To add a headless secondary Aurora DB cluster to your Aurora global database, follow these steps:

  1. Sign in to the AWS Management Console and open the Amazon RDS console at
  2. In the navigation pane of the AWS Management Console, click on “Databases”.
  3. Select the specific Aurora global database that requires a secondary Aurora DB cluster. Ensure that the primary Aurora DB cluster is in the “Available” state.
  4. Click on the “Actions” button.
  5. From the dropdown menu, choose “Add region”.
  6. On the “Add a region” page, select the desired secondary AWS Region.
  7. Note that you cannot choose an AWS Region that already has a secondary Aurora DB cluster for the same Aurora global database. Additionally, it cannot be in the same Region as the primary Aurora DB cluster.
  8. Fill in the remaining fields for the secondary Aurora cluster in the new AWS Region. These fields include the same configuration options as for any Aurora DB cluster instance.
  9. If you are working with an Aurora MySQL-based Aurora global database, disregard the “Enable read replica write forwarding” option. This option becomes irrelevant after you delete the reader instance.
  10. Click on “Add region”. Once you have successfully added the Region to your Aurora global database, you will be able to see it in the list of Databases in the AWS Management Console, as shown in the provided screenshot.
  11. To check the status of the secondary Aurora DB cluster and its reader instance, you can use either the AWS Management Console or the AWS CLI.

$ aws rds describe-db-clusters --db-cluster-identifier secondary-cluster-id --query '*[].[Status]' --output text
  • After adding a secondary Aurora DB cluster, it may take several minutes for its status to transition from “creating” to “available”. Once the Aurora DB cluster is available, you can proceed to delete the reader instance associated with it.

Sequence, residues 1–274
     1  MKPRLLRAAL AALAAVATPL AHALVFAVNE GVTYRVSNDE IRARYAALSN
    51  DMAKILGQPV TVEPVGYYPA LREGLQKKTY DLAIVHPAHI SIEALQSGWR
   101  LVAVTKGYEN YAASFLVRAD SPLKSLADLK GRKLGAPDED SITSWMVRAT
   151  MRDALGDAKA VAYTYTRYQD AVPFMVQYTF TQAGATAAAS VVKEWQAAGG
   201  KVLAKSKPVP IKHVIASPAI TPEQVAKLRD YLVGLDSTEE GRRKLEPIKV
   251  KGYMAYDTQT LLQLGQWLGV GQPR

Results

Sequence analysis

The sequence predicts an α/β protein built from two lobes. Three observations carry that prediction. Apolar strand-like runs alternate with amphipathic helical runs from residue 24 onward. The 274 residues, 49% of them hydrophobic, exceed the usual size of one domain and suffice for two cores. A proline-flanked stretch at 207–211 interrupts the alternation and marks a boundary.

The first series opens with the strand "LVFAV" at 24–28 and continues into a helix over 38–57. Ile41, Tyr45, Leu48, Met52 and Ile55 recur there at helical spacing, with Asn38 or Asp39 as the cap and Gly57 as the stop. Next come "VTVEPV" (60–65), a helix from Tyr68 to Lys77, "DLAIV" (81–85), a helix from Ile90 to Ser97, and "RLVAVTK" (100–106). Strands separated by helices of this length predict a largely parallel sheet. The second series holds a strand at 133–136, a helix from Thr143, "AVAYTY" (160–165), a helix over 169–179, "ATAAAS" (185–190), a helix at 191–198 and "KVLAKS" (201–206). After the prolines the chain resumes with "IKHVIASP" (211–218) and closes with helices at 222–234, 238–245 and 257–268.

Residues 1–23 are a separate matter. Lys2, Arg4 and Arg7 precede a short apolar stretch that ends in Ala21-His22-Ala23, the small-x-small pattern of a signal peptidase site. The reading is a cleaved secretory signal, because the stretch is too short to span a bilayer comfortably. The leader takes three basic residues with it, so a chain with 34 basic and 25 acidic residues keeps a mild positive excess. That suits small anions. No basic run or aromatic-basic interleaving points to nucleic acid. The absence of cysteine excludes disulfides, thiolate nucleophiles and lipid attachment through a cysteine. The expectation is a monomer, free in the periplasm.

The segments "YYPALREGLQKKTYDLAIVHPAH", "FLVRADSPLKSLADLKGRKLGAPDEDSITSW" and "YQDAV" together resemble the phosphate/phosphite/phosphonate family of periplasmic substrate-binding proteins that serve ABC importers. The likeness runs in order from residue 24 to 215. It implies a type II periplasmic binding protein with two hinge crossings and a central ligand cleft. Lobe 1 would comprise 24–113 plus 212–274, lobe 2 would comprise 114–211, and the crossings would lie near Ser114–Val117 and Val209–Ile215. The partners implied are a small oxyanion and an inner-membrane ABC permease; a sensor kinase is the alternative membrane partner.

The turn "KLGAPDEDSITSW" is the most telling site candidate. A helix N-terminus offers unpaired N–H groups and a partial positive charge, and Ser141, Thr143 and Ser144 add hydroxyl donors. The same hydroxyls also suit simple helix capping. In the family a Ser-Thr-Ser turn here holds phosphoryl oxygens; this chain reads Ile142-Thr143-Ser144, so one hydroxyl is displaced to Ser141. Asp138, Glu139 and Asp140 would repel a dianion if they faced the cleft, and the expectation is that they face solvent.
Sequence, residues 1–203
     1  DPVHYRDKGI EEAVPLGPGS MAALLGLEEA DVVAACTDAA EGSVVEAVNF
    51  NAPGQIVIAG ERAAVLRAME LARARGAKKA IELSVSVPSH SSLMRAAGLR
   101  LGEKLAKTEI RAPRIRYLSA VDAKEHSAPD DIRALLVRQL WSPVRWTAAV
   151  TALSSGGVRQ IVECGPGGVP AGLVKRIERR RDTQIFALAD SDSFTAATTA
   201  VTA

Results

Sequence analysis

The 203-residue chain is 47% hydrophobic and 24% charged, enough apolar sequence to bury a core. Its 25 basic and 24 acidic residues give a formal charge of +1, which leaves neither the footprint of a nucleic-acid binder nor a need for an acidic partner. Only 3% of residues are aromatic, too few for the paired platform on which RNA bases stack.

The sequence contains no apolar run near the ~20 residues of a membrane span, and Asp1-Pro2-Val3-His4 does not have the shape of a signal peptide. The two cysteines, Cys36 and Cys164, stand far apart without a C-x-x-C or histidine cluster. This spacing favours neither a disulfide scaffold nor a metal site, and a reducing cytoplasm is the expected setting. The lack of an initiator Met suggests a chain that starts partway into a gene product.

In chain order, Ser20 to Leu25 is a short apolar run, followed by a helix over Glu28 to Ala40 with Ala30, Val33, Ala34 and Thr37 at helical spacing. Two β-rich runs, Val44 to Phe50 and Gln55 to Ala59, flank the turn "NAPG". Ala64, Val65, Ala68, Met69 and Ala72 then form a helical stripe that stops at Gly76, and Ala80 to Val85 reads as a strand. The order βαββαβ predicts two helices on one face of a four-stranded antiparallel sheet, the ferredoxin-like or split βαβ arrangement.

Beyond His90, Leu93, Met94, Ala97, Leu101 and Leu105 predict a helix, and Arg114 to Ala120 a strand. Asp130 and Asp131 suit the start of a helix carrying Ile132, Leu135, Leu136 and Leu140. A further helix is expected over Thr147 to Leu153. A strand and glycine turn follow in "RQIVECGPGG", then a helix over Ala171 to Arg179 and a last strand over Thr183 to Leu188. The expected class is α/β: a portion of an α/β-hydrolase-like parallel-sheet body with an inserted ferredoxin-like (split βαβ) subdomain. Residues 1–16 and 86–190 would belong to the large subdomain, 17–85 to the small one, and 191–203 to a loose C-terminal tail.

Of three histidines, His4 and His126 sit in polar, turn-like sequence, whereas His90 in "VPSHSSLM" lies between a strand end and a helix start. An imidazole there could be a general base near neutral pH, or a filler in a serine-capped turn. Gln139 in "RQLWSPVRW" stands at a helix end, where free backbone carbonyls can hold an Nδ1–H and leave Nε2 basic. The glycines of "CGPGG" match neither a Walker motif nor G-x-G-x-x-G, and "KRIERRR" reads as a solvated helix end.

• To delete the reader instance in the secondary Aurora DB cluster, select the instance and choose the “Delete” option.
In the event of an unplanned outage in the primary AWS Region, you can utilize the headless secondary Aurora DB cluster to manually recover your Amazon Aurora global database and restore its functionality.

Using a snapshot for your Amazon Aurora global database

To create an Aurora global database using a snapshot as the starting point, follow these steps:

  1. Choose a snapshot of an Aurora DB cluster or an Amazon RDS DB instance that you want to use as the basis for your Aurora global database. Ensure that the snapshot is compatible with Aurora.
  2. Start the restore process by selecting the snapshot. During the restore, make sure to choose the same DB engine type as the snapshot (e.g., Aurora PostgreSQL for a snapshot from an Aurora PostgreSQL cluster).
  3. Configure the settings for the new Aurora provisioned DB cluster, including the DB instance class, storage capacity, security groups, and other parameters. You can also set up additional options such as enabling encryption or specifying a backup retention period.
  4. As part of the restore process, select the option to add another AWS Region to the restored DB cluster. This step transforms the cluster into an Aurora global database, with the restored cluster becoming the primary cluster.
  5. Any data contained in the primary cluster is automatically replicated to the secondary clusters that you add to your Aurora global database.

By restoring a snapshot and creating a new Aurora provisioned DB cluster, and then adding another AWS Region, you can establish an Aurora global database. This enables data replication and high availability across multiple Regions.